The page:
If James Braid had been of current times he surely would have been knighted for his achievements and services to golf. Together with J H Taylor he was a founding member of the Professional Golfer’s Association in 1901 and was elected the PGA’s first captain. James Braid was made an Honorary Member of the Royal and Ancient Golf Club, St Andrews in 1950 and commemorated in the World Golf Hall of Fame, Pinehurst, USA in 1976. James Braid died at the age of 80 on 27 November 1950. A plaque was placed on the front of Earlsferry Town Hall on 1 June 1951 commemorating his legacy. The Thistle Golf Club renamed a trophy for their scratch Open competition the James Braid Memorial Trophy in 1961 in memory of their greatest player and this is still played for at the club every year. His legacy lives on through his golf courses.
Two biographies of James Braid well worth reading if you want to know more about the man are Bernard Darwin’s book titled James Braid first published in 1952 and, the book James Braid Champion Golfer by Bob MacAlinden and published in 2003. The latter is a limited edition publication. Also worth seeking out is the book James Braid and his 400 Golf Courses by John Moreton and Iain Cumming published in 2013. This book covers Braid's philosophy, first steps and early design, the courses compiled by date and his ventures overseas.
The 2012 match between Earlsferry Thistle and Edinburgh Thistle for the Thistle Quaich Cup at Elie was especially memorable with Steve from Edinburgh recording a Hole in One at the 11th Hole and Malcolm from Earlsferry a Hole in One at the 3rd Hole
James Braid turned professional in the autumn of 1893, thanks to a chance encounter on Princes Street, Edinburgh with his long time friend Charles Smith. As winter approached Braid left his employment in Edinburgh, and headed south with Smith. Braid began work as a golf club maker for Army and Navy Stores in London. At the time his new job was viewed as little more than a superior caddie. Neither his father, who never played the game, nor mother approved. James however quickly became proficient as a club maker and worked at the Stores from 1893 to 1895.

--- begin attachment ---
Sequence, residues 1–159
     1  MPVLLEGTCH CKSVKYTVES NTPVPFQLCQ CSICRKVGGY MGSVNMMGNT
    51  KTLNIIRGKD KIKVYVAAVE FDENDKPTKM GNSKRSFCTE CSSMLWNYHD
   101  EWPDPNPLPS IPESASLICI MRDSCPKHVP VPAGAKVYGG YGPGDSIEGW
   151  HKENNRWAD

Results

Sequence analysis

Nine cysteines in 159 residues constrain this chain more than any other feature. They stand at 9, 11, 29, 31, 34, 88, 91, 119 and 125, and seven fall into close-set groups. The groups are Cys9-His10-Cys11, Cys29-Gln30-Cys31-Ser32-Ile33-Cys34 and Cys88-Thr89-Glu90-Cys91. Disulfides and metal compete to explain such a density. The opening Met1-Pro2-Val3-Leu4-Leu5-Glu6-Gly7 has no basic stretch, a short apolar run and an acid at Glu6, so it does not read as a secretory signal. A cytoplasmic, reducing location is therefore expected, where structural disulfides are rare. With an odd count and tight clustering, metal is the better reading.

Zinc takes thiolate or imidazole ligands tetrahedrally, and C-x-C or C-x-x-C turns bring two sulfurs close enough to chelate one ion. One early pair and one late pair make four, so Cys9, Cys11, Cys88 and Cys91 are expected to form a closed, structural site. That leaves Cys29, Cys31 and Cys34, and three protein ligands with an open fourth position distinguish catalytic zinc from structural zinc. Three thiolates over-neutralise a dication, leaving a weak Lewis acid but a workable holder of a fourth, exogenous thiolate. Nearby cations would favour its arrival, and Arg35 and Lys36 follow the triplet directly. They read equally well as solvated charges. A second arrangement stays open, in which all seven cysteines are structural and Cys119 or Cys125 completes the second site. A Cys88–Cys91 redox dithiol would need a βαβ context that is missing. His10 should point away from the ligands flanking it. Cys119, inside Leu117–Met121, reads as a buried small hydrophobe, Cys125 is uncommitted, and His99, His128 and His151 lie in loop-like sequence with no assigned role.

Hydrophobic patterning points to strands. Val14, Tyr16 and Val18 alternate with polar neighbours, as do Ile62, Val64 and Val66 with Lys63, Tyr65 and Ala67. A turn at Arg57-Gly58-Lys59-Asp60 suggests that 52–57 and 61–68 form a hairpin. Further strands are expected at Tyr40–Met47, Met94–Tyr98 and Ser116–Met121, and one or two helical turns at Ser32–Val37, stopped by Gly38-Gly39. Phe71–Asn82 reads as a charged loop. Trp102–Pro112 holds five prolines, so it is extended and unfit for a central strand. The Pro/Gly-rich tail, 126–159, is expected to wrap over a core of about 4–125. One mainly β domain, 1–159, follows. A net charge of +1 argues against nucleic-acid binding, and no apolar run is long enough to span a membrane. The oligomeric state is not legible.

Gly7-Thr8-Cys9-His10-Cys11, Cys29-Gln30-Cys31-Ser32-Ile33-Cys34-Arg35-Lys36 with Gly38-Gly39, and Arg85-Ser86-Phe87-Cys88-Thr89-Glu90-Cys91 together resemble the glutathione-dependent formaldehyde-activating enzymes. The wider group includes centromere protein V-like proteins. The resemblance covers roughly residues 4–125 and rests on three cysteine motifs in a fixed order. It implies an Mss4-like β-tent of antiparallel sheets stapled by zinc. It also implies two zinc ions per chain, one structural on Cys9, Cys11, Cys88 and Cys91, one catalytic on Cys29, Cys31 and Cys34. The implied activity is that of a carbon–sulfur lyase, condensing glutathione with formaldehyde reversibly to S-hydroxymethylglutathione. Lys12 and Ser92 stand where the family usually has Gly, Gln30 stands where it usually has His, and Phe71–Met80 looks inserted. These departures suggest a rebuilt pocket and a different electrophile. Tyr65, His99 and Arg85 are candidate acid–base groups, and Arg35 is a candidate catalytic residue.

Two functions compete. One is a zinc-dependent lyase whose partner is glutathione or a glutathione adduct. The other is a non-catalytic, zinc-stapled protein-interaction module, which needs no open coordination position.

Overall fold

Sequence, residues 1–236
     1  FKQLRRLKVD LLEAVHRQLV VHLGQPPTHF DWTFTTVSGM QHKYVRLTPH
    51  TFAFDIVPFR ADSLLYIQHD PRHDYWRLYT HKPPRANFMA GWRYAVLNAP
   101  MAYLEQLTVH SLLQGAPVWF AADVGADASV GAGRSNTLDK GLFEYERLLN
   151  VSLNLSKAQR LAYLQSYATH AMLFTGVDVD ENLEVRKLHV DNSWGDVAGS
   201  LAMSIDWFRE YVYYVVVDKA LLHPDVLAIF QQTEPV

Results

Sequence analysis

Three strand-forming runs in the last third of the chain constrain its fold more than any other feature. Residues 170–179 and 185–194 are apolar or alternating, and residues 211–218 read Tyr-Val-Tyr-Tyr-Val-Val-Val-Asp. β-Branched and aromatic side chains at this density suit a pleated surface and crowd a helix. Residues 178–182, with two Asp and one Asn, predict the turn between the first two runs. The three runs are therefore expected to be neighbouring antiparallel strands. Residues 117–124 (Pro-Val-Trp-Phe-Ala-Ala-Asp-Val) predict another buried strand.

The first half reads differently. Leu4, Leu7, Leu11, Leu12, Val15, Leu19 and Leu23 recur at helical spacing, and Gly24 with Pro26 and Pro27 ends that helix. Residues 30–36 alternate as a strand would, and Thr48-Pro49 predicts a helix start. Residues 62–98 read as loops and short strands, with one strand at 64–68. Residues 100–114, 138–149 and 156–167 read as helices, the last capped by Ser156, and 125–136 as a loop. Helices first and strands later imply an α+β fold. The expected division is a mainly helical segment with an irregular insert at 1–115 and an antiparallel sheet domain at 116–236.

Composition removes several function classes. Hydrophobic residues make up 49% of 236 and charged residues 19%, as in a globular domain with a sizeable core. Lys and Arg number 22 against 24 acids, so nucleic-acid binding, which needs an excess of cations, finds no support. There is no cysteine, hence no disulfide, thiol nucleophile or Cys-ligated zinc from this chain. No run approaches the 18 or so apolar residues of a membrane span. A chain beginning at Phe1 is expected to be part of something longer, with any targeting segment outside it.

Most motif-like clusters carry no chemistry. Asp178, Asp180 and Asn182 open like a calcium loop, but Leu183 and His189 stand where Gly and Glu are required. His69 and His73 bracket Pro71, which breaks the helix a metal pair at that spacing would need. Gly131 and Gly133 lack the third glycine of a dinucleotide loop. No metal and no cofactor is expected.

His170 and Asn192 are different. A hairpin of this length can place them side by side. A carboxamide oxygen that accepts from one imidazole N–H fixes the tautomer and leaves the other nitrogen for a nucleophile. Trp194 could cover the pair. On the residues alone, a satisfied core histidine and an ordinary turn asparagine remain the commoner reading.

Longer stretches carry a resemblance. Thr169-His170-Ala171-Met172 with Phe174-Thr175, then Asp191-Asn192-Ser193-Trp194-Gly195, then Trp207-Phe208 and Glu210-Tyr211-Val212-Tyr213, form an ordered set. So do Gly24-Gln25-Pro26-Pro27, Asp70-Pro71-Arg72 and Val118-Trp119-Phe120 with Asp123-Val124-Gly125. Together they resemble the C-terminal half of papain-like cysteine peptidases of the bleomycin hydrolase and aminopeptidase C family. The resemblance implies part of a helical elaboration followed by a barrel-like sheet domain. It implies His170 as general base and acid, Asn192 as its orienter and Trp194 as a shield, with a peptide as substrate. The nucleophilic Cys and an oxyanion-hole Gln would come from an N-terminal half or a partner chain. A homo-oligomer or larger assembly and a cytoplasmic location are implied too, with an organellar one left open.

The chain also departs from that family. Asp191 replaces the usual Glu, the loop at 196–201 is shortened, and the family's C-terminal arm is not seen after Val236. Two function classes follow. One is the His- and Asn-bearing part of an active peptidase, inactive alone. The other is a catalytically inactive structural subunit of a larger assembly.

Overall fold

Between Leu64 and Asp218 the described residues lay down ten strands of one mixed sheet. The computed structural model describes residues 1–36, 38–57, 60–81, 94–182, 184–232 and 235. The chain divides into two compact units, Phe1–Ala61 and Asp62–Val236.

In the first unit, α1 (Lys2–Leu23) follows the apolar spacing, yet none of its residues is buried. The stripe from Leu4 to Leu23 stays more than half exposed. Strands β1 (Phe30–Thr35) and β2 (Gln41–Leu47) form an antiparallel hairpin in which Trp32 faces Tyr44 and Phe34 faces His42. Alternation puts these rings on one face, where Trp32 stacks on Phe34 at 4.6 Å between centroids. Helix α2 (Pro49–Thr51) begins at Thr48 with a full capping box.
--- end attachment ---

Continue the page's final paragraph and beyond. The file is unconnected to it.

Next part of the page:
James played his first professional golf match at a 9 hole course at Limpsfield, where his cousin and former Thistle club mate, Douglas Rolland was the professional. Braid first came to wider public attention in December 1895 when halving a 36 hole match with JH Taylor (who had already won two of his five Open Championships by then), at West Drayton. Both played a brilliant game. In Taylor’s speech after the match he stated that he honestly believed he had never played a better game in his life than he had against Braid. He also acknowledged that the form shown by his opponent that day had been a revelation.
In 1896 Braid was appointed head professional at Romford Golf Club in Essex, where he stayed for 8 years. He is credited with having designed/re-designed the course, one of his first forays into Golf Course Architecture. Such is the quality of the course, Romford has hosted the regional qualifying for the Open Championship on 6 occasions. James’s first professional victory in strokeplay came in an open tournament at his home club in Romford in October of 1896. He was victorious against a strong field, including eventual six times Open Champion Harry Vardon, Jack White, J H Taylor, Ben Sayers and Sandy Herd. Braid was noted for the length and carry of his tee shots. Playing his cleek in the wind was also a strength of his. Putting perhaps less so.
(Photograph from Horace Hutchinson’s Book “Fifty Years of Golf” – Courtesy of the Project Gutenberg)
Placque on the Wall of Earlsferry Town Hall in commemoration of James Braid
James Braid Memorial Trophy
First International Professional Golf Match - Scotland v England - Prestwick, 1903.
James Braid playing against Harry Vardon. Braid won 5 and 4.